DVI can be either a digital only connection, or a combination digital and analog connection, for home theater it is mostly digital only. Computers may have this connection as well, although if they do not support HDCP, they are not compatible with the source devices that have HDMI or DVI with HDCP. A lot of the large and new computer displays support high resolution by using dual link connections.
- You get wide range of support for various resolutions all depending on the source and display.
- You can lock the connector with screws for locking.
- Some have support for either analog or digital video.
- No audio support unfortunately.
- Very confusing due to support of digital and analog video.
This connection is available on most HDTV’s. If you see the red, green and blue color coded connectors, They are not compatible with RGB computer devices. Component video is capable of all high definition resolutions, depending on the source and display capabilities. Component video in its analog form is of course being put out for copy protection issues in high definition source devices.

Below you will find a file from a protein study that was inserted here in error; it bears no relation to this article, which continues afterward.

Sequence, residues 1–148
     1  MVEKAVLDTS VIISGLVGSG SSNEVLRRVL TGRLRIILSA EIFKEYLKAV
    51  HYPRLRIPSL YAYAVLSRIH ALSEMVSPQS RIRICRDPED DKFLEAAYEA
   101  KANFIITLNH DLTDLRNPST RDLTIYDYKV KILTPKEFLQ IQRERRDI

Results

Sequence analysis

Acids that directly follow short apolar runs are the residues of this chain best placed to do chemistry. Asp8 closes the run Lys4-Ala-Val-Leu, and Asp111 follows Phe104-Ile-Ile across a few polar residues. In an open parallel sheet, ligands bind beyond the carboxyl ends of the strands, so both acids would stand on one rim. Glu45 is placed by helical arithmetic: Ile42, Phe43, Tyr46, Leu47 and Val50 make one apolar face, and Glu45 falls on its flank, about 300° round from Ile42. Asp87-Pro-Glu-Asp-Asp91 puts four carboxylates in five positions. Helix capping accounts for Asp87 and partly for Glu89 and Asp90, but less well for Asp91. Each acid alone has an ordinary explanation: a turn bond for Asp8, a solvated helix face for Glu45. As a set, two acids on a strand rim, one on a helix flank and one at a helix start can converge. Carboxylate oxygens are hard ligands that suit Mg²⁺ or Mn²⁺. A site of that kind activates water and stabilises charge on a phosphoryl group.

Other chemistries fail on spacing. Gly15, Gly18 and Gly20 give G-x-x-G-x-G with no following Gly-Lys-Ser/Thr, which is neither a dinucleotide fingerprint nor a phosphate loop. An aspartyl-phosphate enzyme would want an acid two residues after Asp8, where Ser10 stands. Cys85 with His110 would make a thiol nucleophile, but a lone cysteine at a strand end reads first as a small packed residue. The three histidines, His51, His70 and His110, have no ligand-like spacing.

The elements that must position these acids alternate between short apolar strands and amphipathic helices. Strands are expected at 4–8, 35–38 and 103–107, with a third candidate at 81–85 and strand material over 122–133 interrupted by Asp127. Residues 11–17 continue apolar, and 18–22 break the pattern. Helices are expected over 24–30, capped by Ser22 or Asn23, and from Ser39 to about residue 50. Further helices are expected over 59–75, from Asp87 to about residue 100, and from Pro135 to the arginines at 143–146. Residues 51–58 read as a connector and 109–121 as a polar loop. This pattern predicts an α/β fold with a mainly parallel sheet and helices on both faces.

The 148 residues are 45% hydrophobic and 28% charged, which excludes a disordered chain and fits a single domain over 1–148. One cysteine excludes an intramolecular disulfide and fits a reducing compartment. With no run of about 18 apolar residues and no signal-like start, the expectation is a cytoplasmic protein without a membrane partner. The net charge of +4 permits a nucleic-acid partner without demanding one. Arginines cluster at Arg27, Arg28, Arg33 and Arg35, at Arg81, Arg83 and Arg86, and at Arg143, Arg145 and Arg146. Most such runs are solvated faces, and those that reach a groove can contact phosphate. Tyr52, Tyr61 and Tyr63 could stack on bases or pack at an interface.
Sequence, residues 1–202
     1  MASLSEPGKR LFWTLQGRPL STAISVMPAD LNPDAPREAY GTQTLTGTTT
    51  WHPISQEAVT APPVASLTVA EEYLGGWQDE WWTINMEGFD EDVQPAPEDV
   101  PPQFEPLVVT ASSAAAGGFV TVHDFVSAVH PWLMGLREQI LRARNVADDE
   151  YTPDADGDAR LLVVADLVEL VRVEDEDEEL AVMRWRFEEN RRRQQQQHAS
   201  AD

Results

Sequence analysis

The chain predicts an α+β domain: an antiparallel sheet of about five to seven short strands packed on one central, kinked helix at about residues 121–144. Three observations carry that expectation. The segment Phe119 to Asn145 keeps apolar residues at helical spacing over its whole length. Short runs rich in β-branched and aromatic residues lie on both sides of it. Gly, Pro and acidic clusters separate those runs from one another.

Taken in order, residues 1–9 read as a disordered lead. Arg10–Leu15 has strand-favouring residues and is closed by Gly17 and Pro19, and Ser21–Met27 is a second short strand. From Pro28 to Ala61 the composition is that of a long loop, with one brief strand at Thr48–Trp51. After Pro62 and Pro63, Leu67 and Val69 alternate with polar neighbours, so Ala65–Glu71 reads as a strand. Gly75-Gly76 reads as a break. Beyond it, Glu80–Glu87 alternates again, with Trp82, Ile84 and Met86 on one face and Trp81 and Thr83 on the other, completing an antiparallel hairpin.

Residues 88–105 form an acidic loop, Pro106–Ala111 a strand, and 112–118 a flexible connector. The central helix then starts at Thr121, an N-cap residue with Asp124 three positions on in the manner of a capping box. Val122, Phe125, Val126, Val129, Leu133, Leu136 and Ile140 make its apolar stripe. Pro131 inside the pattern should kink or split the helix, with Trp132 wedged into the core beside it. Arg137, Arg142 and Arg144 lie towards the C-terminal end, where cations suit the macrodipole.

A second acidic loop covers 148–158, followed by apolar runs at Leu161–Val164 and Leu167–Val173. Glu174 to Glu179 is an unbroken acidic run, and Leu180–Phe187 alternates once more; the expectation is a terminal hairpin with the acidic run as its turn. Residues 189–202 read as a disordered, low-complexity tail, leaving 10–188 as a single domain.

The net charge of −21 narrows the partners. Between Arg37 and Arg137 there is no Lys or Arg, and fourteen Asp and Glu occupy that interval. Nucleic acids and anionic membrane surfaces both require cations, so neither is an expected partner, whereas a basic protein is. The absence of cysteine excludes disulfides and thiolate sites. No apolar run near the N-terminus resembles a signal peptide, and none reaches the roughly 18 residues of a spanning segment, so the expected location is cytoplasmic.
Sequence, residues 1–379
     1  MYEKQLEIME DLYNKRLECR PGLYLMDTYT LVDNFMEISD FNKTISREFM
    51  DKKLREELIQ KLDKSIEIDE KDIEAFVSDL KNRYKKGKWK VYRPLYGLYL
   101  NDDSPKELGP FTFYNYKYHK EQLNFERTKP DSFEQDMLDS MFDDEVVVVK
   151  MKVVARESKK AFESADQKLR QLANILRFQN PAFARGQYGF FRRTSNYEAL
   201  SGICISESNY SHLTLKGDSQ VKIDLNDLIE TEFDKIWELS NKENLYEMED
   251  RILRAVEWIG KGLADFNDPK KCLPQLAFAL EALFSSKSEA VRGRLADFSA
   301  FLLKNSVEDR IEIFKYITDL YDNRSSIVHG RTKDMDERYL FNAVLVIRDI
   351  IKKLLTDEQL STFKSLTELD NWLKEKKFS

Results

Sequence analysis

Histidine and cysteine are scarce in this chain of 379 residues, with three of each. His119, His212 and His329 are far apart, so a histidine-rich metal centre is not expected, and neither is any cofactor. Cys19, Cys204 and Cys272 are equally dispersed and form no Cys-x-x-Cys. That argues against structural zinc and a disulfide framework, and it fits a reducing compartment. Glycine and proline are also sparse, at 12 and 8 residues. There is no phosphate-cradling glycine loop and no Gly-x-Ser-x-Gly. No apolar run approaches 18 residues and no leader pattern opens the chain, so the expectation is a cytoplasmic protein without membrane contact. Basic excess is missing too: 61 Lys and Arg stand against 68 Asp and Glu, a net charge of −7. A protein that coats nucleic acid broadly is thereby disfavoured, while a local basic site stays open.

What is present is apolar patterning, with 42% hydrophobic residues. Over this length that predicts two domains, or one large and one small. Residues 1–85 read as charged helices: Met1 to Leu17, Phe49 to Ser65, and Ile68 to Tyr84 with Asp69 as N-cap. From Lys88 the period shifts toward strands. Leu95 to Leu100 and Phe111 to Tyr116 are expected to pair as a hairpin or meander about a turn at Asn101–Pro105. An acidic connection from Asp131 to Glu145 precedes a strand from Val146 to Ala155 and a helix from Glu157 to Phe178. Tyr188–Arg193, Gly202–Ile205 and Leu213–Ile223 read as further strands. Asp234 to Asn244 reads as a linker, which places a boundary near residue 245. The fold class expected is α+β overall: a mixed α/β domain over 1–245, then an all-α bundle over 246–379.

- Component video saves a lot bandwidth and disk space without losing detail.
- Can have excellent video quality if equipment and cables are of good quality.
- No Audio.
- Three connectors, which is where the benefit of having HDMI is.
Seperates the luminance white level and chrominance color information signals with seperate cables and connections for a better video image than composite video connections. Used with DVD’s, TV’s, Satellite receivers and cable boxes.
- It’s a single connector.
- It’s not used for high definition video signals.
- No audio at all.
HDTV: What you want to look for
· Resolution and frame rate – resolution is measured with horizontal pixels by vertical pixels. You can think of each pixel as a tiny dot of resolution holding one different color. Each pixel is too small to see with the human eye it makes up a image when combined with other pixels.